- Better Stewardship: Many CFEs are becoming commercially successful without compromising their social performance, and have turned their superior social performance into compelling competitive advantages. The loyalty of consumers who buy strawberries from Swanton Berry Farm is deepened by their awareness that 100% of the farm’s employees are members of the United Farm Workers union.
- Better Service: The Self-Sufficient Organic Farm School in Paraguay, a high school for future farmers and CFE entrepreneurs, prides itself on giving—and teaching—exceptional service through its 16 student-run food enterprises, which help underwrite the institution.
- Revitalizing Local Economies: CFE entrepreneurs tap growing consumer interest in “buying local” to support local economies. The Intervale Center built a municipal compost company for Burlington, Vermont, and is now close to its goal of supplying 10% of the city’s food locally.
- More Community Spirit: CFEs touch consumers’ desire not just for good food but also for memorable experience and fun. One way the Mavrovic Companies have become ground zero for organic grain, bread, and meat production in Croatia is through its Eco-Center, which is an all-in-one research facility, education center, and community gathering place.
- More Social Change: Locals and tourists in Thailand descend in great numbers to one of a dozen Cabbages & Condoms restaurants and resorts not only for the excellent food and hospitality but also because the net revenues, currently about $2 million per year, support the country’s oldest public education campaigns concerning AIDS, safe sex, and reproductive rights.
To analyze the social performance of CFEs, we used a comprehensive survey-based tool designed by a nonprofit called B Lab. We found that each CFE put considerable investment into achieving social goals beyond private profit.
Seven community impacts in particular stood out for us:
- Greater Income: Driven by fairness, most of our CFEs are striving to put more income into the pockets of their farmers, workers, or suppliers. Kasinthula Cane Growers Limited in Malawi, for example, uses fair trade premiums not only to support its 282 sugar farmers but also to help their communities access clean drinking water, electricity, and medical services.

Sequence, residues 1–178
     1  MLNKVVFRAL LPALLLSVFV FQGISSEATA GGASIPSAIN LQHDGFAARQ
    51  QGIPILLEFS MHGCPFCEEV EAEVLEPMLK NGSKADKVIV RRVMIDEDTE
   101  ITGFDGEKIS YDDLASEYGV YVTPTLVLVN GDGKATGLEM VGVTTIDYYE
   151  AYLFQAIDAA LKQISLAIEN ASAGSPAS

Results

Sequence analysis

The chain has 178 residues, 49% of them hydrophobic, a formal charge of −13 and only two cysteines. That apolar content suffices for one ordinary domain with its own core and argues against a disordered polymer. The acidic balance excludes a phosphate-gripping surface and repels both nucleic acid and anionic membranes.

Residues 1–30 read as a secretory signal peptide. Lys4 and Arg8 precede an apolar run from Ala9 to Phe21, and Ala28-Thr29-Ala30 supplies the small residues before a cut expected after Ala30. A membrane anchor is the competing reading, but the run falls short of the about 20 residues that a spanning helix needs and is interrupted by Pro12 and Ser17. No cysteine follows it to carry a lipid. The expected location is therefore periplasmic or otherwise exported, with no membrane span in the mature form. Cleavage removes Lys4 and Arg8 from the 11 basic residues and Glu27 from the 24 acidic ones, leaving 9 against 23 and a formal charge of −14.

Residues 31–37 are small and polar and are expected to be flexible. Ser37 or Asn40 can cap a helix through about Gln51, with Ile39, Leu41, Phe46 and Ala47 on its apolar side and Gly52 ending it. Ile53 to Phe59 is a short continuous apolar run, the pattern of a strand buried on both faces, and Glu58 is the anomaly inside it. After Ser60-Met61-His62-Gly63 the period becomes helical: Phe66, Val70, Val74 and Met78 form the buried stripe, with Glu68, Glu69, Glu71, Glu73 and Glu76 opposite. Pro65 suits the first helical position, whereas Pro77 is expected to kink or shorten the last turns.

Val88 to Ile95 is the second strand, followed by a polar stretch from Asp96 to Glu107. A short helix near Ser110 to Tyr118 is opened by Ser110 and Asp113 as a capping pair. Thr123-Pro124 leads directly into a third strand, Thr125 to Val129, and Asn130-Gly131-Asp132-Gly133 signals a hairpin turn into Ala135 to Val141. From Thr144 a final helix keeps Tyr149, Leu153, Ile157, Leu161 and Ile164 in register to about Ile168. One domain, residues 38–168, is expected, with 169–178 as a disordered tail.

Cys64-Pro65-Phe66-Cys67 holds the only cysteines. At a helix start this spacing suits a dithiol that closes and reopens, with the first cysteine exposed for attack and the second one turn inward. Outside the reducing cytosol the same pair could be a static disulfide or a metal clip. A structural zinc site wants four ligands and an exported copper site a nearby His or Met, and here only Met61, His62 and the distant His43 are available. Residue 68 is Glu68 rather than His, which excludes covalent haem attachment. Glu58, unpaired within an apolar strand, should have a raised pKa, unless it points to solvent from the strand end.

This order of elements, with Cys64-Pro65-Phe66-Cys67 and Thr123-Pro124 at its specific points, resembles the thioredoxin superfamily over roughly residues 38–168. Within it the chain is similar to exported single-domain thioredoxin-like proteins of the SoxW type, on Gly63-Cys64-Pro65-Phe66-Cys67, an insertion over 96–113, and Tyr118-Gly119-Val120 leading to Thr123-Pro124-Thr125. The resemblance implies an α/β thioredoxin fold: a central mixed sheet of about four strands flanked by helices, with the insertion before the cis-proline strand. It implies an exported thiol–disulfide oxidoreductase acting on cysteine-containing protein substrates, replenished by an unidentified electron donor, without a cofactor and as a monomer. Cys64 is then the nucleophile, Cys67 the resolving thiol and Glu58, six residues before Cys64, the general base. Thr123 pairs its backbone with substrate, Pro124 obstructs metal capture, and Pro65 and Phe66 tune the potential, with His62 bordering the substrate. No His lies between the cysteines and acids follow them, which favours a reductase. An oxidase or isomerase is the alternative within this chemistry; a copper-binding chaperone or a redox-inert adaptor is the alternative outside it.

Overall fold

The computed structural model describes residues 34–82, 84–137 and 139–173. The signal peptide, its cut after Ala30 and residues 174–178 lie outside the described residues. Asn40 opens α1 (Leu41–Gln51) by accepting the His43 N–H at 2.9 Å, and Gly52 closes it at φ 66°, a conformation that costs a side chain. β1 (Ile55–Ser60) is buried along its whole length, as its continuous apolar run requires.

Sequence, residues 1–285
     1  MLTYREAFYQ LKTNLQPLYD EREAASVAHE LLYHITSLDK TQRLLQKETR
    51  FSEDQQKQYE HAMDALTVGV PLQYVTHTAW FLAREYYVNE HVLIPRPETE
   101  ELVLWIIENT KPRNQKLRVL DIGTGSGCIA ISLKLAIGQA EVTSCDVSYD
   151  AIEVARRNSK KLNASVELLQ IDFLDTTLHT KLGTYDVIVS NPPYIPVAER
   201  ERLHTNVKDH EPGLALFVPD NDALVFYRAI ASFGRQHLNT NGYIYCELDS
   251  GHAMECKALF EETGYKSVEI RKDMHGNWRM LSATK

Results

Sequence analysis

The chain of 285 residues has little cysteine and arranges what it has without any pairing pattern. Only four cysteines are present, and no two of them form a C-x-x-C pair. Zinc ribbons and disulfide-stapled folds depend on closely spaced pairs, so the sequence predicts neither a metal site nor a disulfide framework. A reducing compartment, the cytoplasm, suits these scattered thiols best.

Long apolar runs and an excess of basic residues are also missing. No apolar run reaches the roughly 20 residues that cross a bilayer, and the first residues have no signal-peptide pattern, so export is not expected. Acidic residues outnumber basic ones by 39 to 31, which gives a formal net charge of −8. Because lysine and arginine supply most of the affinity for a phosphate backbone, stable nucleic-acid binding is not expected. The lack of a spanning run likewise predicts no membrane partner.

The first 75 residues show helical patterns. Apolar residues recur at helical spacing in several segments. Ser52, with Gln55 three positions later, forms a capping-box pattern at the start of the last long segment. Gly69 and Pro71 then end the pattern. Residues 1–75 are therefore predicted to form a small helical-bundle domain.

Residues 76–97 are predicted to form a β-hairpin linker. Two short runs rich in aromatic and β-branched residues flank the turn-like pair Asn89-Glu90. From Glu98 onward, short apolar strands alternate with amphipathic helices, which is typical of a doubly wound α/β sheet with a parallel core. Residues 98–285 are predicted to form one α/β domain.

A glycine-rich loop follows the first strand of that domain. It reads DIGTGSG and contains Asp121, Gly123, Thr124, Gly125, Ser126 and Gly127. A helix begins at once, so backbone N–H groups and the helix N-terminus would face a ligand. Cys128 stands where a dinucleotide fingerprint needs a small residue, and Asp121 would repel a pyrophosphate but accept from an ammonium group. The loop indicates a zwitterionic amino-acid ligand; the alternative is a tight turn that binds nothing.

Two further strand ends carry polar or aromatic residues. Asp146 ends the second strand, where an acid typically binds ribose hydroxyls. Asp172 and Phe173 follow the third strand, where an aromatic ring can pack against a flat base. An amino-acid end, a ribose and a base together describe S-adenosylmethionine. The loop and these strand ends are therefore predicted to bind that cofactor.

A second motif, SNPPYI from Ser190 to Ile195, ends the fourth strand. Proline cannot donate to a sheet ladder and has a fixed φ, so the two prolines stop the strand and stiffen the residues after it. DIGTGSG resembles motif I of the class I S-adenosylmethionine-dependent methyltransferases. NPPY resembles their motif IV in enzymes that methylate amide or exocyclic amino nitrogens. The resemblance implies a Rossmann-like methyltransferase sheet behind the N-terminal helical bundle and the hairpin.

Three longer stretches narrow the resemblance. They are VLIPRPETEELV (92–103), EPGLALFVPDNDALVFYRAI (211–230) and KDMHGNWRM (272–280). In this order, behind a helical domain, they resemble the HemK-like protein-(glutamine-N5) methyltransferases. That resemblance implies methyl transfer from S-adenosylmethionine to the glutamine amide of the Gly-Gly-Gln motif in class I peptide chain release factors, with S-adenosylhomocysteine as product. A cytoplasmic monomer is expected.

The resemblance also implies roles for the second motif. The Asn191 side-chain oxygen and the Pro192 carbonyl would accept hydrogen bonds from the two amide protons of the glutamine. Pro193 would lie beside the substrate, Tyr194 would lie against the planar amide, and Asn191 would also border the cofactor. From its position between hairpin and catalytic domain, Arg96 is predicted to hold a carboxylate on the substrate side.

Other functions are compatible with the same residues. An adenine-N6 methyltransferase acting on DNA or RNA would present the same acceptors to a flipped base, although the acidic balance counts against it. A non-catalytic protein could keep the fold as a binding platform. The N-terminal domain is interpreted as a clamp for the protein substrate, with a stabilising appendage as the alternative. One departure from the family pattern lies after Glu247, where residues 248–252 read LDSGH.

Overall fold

- Training: CFEs enrich their communities’ entrepreneurial resources through concerted workforce training. With 80% of its employees in their 20s, Cargills in Sri Lanka provides free, in-house classes to every employee through its Albert A. Page Institute of Food Business.
- Ecology: Unlike global companies that often exploit, exhaust, and then abandon a resource base, a CFE is tethered to a community’s assets in perpetuity. The Ajddigue Women’s Argan Cooperative in Morocco is thus committed to replenishing the fast disappearing argan trees through an aggressive replanting program.
- Local Economy: CFEs pump up their community economies by hiring locally, buying local inputs, and engaging in and contracting for local value-added production. The Panchakanya Agriculture Cooperative in Nepal, for example, is helping its women farmers grow organic fruits and vegetables using local inputs.
- Charitable Contributions: Local businesses typically contribute more to charity per employee than do global businesses. Some of the most successful CFEs in the United States—White Dog, Zingerman’s, and Weaver Street—actually have started their own community foundations. Sunstar Overseas Limited in India uses the fair trade premiums it earns from global basmati rice sales to support infrastructure improvements in its farmers’ communities.
- Women’s Empowerment: Almost all our CFE examples are empowering women. The leaders and members of the Ajddigue Women’s Argan Cooperative and the Panchakanya Agriculture Cooperative are exclusively women. Dulce Gozon has become a powerful female leader of the National Ongoing Growers’ Cooperative Marketing Association in the Philippines.
- Global CFE Solidarity: Most of our CFEs believe in local food as a movement, and are committed to supporting other CFEs worldwide. The African American farmers of the Indian Springs Farmers Association in Mississippi, for example, have reached out to producer cooperatives in Africa.
Are CFEs replicable in other parts of the world? We believe the answer is “yes,” especially if the successful strategies revealed in this study are widely communicated and adopted. The real key to improving the probability of the next generation of CFEs succeeding is networking and peer mentoring. We recommend creating an open-source model, perhaps a web-based Locopedia, where great business models can be posted from all over the world. A reliable, sophisticated database of small-business innovation could be invaluable. Ultimately, this network should include all kinds of local businesses, not just those linked to food. But food is a catalytic place to begin. For the world’s six billion people, our report suggests that CFEs can provide powerful, self-financing mechanisms for improving their
nutrition, health, and economic vitality.